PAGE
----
The new Medicare rule changes are primarily aimed at increasing the level of Medicare reimbursement for COVID-19 treatments and making sure hospitals get those reimbursement payments faster. Medicare payments for all COVID-19 related treatment is automatically increased by 20%. This means that hospitals and healthcare providers will get paid 20% more from Medicare for any services that are categorized as COVID-19 treatment. This creates a very obvious opportunity for widescale billing fraud. Some likely fraudulent Medicare billing schemes include:

  • Fraudulently billing Medicare for COVID-19 treatments that were not medically necessary.
  • Performing medically unnecessary COVID-19 testing in order to bill Medicare at increased rate.
  • False billing for telehealth consultations (billing for a “telehealth visit” when it was actually an “e-visit” or phone call).

If you have personal, direct knowled
ge of any types of Medicare billing fraud related to COVID-19, you may be eligible to file a whistleblower lawsuit on behalf of the government. If your whistleblower lawsuit is successful, you would receive up to 30% of any money awarded.

COVID-19 Finance and Investment Fraud

As part of the effort to stimulate the economy in response to the COVID-19 shutdown, the federal government has enacted new laws and regulations aimed at maintaining liquidity in the financial markets. Many of these new regulatory changes have loosened oversight and restrictions which may open the door to fraud. Below are some potential finance and investment schemes that might give rise to lawsuits under the SEC Whistleblower Program:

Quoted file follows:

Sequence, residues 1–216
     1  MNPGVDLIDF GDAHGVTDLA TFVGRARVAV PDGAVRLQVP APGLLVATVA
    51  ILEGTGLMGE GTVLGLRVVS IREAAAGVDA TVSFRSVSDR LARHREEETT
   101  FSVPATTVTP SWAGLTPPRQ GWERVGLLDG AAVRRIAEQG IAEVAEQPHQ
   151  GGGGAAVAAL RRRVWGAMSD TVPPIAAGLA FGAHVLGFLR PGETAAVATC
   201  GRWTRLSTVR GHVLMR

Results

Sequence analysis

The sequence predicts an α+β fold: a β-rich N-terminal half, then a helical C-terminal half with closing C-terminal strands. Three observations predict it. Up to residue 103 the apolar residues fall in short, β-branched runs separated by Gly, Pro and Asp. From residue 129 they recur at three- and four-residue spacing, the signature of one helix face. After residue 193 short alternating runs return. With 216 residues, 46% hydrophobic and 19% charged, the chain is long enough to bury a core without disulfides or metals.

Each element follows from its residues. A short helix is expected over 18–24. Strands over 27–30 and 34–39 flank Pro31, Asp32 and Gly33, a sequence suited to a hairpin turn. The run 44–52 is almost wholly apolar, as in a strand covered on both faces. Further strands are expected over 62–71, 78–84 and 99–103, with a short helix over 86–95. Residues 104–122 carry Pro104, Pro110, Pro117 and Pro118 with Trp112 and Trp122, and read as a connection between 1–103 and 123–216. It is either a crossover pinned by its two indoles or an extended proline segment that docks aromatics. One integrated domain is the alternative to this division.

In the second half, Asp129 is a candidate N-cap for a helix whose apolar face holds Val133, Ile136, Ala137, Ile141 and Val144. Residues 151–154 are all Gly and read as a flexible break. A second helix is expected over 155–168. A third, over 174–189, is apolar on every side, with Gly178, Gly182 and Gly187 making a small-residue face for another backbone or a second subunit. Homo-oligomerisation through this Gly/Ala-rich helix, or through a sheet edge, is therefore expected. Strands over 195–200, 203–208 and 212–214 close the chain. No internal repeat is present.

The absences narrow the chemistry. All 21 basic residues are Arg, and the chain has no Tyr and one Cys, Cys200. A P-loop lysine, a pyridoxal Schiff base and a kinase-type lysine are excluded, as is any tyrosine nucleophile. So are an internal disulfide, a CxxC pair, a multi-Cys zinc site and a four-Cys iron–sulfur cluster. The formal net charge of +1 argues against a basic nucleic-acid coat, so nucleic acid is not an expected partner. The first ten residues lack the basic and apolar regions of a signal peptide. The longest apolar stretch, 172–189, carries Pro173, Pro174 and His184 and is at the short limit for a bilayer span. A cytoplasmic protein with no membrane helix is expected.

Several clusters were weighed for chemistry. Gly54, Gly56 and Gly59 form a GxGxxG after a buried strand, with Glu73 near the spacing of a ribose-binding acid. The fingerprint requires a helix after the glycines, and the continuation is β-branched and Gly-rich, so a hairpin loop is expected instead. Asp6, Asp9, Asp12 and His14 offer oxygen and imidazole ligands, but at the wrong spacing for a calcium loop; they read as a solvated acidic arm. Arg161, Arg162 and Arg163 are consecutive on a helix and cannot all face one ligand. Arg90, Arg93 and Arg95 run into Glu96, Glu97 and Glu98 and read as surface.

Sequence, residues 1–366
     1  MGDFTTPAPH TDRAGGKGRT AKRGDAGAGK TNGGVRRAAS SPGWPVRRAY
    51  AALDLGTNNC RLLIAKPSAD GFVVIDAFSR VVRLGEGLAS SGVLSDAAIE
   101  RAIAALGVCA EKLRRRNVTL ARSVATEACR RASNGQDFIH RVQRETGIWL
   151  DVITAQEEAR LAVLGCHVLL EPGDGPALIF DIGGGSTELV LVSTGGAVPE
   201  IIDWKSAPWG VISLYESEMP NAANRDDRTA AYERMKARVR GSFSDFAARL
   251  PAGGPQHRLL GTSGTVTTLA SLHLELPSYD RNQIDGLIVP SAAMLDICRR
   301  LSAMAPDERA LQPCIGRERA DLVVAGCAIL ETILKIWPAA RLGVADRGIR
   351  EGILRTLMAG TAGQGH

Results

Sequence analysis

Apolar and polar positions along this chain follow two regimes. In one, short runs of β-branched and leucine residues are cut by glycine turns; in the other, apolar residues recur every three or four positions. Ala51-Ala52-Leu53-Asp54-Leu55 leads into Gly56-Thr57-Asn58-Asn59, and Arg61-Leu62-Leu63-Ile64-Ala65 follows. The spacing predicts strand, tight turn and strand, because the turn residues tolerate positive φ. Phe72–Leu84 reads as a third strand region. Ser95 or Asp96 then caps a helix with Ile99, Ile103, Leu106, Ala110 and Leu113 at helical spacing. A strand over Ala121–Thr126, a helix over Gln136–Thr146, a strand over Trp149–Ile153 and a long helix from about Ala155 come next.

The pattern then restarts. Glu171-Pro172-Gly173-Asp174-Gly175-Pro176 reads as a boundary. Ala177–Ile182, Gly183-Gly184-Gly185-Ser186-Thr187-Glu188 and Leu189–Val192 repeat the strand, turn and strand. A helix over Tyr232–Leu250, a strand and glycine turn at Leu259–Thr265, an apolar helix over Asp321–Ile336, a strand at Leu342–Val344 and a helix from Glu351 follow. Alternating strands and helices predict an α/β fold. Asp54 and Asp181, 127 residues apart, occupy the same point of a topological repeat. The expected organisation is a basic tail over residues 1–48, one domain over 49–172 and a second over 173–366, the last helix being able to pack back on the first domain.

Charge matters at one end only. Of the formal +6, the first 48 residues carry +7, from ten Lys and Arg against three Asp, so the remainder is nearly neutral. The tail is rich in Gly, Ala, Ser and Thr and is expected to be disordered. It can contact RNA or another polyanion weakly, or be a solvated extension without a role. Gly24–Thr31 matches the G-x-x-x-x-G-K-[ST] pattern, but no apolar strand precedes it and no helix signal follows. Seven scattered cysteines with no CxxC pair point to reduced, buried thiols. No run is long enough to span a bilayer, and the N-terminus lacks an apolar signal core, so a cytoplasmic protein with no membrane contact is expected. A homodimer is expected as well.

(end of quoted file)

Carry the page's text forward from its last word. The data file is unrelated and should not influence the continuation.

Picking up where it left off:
• Reporting Fraud: certain regulatory and reporting requirements have been eased or even suspended in response to the coronavirus pandemic. Specifically banks are being permitted to engage in debt restructuring in good faith response to COVID-19. For those banks that are publicly traded, this can create the temptation to manipulate stock prices by misrepresenting their balance sheets and quarterly reports.
  • Mortgage Fraud: many of the strict appraisal and income verification requirements for federally backed mortgage loans have been temporarily relaxed in response to the coronavirus pandemic. This may lead to fraudulent mortgage lending practices resulting in federally insured loans being made to unqualified borrowers on undervalued properties.
  • Tax Fraud: the CARES Act made major changes to the tax code including corporate tax credits for businesses that retain their employees and expansion of the AMT credits. Fraud and underreporting involving these tax law changes and programs can be pursued through the IRS Whistleblower Program.

Contact Miller & Zois About COVID-19 Whistleblower Actions

If you have knowledge and evidence of COVID-19 related corporate fraud, contact the lawyers at Miller & Zois to see if you qualify to file a whistleblower lawsuit under the False Claims Act.